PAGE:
2. Watch out for water cooler jokes and language. This goes for BOTH genders! If you allow “locker room talk” to become water cooler talk, then you’re setting yourself up for a fall. You know it happens. This is more than political correctness. The issue is creating a work environment that is welcoming to everyone and creates a culture where people want to work for you. You’ll also be dramatically reducing the likelihood of a lawsuit.
  3. Protect your profit by purchasing Employment Practices Liability insurance. Even by doing everything right, employees may still sue you. Don’t tell me you have a “family environment.” Families fight, disagree, and are dysfunctional. If they aren’t really your family, you’ll get sued. The average cost for damages is $150,000 and attorney costs will triple that. If you don’t want to have a catastrophic bill then transfer the financial risk to an insurance company. Just like with cyber insurance, you’re more likely to be sued by an employee than have your building catch on fire. Protect your company wealth.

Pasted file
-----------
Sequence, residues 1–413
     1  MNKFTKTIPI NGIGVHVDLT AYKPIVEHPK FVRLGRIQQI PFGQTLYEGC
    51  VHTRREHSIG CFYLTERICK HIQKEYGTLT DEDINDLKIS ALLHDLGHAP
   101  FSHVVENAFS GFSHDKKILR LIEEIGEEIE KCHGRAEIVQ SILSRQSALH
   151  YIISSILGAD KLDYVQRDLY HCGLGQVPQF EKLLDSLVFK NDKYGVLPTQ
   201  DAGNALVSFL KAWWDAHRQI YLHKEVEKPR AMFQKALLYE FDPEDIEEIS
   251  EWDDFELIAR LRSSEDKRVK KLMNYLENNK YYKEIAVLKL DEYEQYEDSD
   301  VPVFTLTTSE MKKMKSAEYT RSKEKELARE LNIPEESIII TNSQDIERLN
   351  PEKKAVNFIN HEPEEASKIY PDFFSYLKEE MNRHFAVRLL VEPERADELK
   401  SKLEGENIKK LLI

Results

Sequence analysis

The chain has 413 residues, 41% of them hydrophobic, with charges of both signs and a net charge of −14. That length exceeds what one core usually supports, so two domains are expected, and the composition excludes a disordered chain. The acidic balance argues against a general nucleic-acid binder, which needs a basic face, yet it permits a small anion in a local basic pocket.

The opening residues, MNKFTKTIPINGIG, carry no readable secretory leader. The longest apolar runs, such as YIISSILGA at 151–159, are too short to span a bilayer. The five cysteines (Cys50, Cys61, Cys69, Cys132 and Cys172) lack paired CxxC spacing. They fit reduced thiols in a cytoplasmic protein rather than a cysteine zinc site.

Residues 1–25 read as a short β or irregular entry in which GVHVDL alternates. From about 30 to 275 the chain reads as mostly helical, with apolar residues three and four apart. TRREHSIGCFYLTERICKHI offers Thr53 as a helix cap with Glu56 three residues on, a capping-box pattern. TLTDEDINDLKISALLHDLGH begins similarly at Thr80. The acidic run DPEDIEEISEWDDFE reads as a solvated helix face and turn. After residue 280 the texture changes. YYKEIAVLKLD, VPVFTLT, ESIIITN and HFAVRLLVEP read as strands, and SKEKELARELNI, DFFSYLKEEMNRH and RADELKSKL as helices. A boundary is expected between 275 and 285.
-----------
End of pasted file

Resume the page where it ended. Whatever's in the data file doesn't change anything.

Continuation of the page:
Take care of your people and you’ll be rewarded with higher performance, productivity, and profits. Finance the risk of being sued through Employment Practices Liability insurance and protect your company valuation and wealth from something you can’t control. If you have questions on your current company culture, practices, and/or insurance, let’s talk. Make sure that you’re heading into 2018 doing the right things for your people and your business.